Marvel’s Guardians of the Galaxy fascinates me, but that’s not how it began. When Eidos Montreal’s action-packed experience was revealed earlier this year, I wrote the entire thing off as some schlocky B-movie adventure, with Star-Lord looking like a dudebro you’d stay well away from at a party, and Groot looking like a knock-off toy you’d find in the far reaches of eBay.
Then it hit me that this wasn’t really Marvel’s Guardians of the Galaxy. Well, sure, it technically is called ‘Marvel’s Guardians of the Galaxy’, but a more accurate title would’ve been ‘Eidos Montreal’s Guardians of the Galaxy’. The studio is simply borrowing the Guardians of the Galaxy license from the Marvel brand at large, sailing off into the distance with the license, characters, and wacky worlds of the series’ co-creators writer Arnold Drake and artist Gene Colan to create a new sci-fi adventure.
A new beginning
In my mind, this opened up massive possibilities for the Guardians of the Galaxy game. No longer was Eidos Montreal’s new venture shackled to Marvel’s gigantic movie franchise, playing by the rules outlined by director James Gunn and keeping the main players safe with incremental amounts of character building before they journey back for another team up in the forthcoming Guardians of the Galaxy Holiday Special. Eidos is free to do what it wants, forming its own directions for this ragtag group of heroes, blasting off into the weirder corners of the solar system where Groot becomes best friends with a llama.
That alone is more enticing to me than anything Marvel has produced in recent years. I actually started out firmly on the MCU bandwagon when Tony Stark’s debut adventure aired in Iron Man in 2008. I was enraptured throughout Captain America: The Winter Soldier, as the MCU strayed into espionage-thriller waters with Robert Redford at the helm, and was later thrilled by Black Panther and Michael B. Jordan’s absorbing villain Killmonger in particular.
All this eventually gave way to a sense of fatigue. Not a fatigue from the blistering pace at which Marvel was putting out movies, but rather a weary sense of recognising the same tired plot points and worldbuilding tendencies rearing their heads over and over again. There’s always a big climactic fight where the hero and villain spout different ideologies at one another. There’s always a scene before said fight where the hero doubts themselves. There’s always a point of advancing the overall plot of the wider MCU, be it through plot armor for our hero, or a post-credits scene where Samuel L. Jackson mentions he’s putting together a team.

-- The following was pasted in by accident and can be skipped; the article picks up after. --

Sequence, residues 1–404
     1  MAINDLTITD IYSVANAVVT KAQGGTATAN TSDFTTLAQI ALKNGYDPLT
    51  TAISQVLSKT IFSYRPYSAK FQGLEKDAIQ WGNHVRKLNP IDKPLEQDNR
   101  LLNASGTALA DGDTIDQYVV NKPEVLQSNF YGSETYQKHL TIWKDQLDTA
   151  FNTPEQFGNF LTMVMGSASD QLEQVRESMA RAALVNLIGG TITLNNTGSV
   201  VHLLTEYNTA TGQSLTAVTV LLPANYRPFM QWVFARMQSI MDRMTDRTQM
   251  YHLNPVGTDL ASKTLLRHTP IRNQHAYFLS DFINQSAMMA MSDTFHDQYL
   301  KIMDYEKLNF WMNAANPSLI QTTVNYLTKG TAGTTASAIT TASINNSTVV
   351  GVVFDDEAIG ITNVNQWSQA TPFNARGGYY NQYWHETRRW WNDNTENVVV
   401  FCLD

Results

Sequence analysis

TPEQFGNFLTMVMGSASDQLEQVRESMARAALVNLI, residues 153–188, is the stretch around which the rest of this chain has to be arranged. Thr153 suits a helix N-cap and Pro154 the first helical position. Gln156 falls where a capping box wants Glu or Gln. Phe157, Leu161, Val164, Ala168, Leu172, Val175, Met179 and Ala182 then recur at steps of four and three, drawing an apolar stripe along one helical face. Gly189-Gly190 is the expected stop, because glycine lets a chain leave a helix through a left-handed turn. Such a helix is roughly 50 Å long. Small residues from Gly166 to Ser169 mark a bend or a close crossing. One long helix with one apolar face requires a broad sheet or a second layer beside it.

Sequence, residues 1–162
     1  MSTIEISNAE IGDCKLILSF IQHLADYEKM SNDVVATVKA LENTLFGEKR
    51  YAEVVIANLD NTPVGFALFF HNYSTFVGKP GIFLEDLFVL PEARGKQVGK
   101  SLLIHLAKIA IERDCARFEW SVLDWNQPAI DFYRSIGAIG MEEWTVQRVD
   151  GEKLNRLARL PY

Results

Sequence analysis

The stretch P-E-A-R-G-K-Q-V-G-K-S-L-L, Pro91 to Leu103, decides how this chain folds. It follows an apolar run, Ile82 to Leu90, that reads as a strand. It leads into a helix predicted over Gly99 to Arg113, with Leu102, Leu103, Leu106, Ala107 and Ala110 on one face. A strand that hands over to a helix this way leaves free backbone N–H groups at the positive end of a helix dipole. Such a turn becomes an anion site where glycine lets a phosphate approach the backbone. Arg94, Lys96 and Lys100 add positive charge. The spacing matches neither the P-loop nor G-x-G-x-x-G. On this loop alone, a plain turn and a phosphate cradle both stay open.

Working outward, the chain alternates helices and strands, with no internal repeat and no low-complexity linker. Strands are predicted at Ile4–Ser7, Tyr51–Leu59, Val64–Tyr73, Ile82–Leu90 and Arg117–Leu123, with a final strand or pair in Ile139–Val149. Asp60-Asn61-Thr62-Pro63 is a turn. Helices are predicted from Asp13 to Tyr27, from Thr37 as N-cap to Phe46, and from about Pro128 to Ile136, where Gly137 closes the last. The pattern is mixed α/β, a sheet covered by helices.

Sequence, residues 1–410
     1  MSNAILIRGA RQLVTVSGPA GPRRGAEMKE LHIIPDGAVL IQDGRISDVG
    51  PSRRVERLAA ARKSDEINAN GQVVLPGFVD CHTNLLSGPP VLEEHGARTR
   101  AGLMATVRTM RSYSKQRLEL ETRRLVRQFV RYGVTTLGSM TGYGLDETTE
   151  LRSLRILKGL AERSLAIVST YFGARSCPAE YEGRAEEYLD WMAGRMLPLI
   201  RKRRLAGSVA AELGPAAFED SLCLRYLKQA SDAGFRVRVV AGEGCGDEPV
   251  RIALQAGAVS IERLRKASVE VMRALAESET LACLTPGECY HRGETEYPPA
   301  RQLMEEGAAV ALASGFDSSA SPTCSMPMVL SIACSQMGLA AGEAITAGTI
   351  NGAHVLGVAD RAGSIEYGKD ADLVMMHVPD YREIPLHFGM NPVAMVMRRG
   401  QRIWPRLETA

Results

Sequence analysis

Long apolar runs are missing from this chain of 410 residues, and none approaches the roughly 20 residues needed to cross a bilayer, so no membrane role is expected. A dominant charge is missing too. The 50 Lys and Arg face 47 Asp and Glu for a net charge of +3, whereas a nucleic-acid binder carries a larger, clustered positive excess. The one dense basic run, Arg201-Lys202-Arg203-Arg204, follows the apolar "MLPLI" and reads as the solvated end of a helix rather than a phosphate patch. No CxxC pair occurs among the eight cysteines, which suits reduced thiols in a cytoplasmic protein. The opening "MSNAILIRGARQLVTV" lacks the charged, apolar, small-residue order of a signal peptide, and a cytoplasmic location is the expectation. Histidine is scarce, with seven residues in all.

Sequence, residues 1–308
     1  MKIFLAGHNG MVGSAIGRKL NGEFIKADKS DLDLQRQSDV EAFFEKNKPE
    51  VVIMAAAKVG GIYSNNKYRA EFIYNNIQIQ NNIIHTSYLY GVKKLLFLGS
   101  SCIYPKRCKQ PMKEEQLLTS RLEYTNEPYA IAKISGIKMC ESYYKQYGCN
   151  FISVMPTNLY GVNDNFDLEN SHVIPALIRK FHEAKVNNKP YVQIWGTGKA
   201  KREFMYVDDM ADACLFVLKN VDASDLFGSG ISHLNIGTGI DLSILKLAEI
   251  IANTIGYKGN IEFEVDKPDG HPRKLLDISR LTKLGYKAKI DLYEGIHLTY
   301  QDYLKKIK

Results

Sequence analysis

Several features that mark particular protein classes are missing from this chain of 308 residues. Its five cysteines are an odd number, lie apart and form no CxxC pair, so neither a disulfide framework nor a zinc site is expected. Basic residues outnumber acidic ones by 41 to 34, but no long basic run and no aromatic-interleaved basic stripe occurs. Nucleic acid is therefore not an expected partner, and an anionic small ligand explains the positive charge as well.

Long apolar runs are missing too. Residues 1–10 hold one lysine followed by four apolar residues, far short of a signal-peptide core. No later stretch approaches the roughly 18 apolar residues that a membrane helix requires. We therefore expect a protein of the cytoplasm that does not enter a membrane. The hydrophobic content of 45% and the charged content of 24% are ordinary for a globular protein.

All of this has the chance to to be stripped back in Marvel’s Guardians of the Galaxy, and that to me is genuinely exciting. The fact that Peter Quill, Gamora, Drax, Rocket, and Groot get to exist outside of some big overarching cinematic universe spells out tonnes of possibilities for the starfaring team, where the storytellers at the wheel don’t have to worry about being a cog in the monumental MCU machine and can just focus on exploring said characters in ways that a handful of movies have missed out on.
The keys to the kingdom
This is also why Star Wars Visions was the most exciting prospect to come from the Disney machine for me since Star Wars: The Last Jedi – because it didn’t come from Disney. The American megacorporation loudly handed the keys to the Star Wars kingdom to Asian animation studios like Studio Trigger of Kill la Kill fame and Ghost in the Shell’s Production I.G., while quietly asserting that all adventures contained under the ‘Visions’ umbrella would be strictly “non-canon” to the wider Star Wars universe.
What came from studios like Trigger and Production I.G. was nothing short of wondrously creative, with episodes like The Duel and The Elder in particular doing wacky things like boasting lightsaber daggers and a whirling flurry of lightsabers on the end of a long stick. Star Wars Visions was very much jettisoned from the main ‘canon’ of the ongoing Star Wars Universe, and the entire series proudly accepted this role, wearing it on its sleeve like a badge of honor with which to do things that’d never make it into the live action Star Wars movies.
Of course, this isn’t the first time a group of new storytellers have been given a shot at established MCU characters. Marvel’s Avengers arrived last year from Crystal Dynamics, and despite being a bit of a disappointment from a gameplay perspective, it did a fantastic job of weaving in Kamala Khan A.K.A. Ms Marvel to the established Avengers roster, telling a brand new story of a Pakistani superhero who’s yet to grace the big screens of the MCU.
Alternatively, Marvel’s Spider-Man has allowed Miles Morales room to grow. Any avid comic book reader would know the story of the webslinger from Harlem, but like Kamala Khan, he’s yet to appear in the MCU proper, leading up the brilliant Into the Spider-Verse instead. Insomniac gave Miles Morales room to grow alongside Peter Parker as a rookie superhero, even providing him with a spin-off game of his own as a flashy PS5 launch title, and it looks like Miles will be back in force in Spider-Man 2 in 2023.
Marvel’s Guardians of the Galaxy might not technically be the beginning of something new, then, but it’s a promising continuation of a trend away from a Marvel landscape dominated by the MCU. Star Wars Visions, Marvel’s Avengers, and Marvel’s Spider-Man have all used the opportunities of existing outside of the main continuity to tell stories about new characters from the perspectives of new storytellers, and now Marvel’s Guardians of the Galaxy continues in these footsteps. The opportunity of established characters finding their way into the hands of new developers and writers around the world is a fascinating prospect, brimming with potential, and I hope it continues long after Marvel’s Guardians of the Galaxy.
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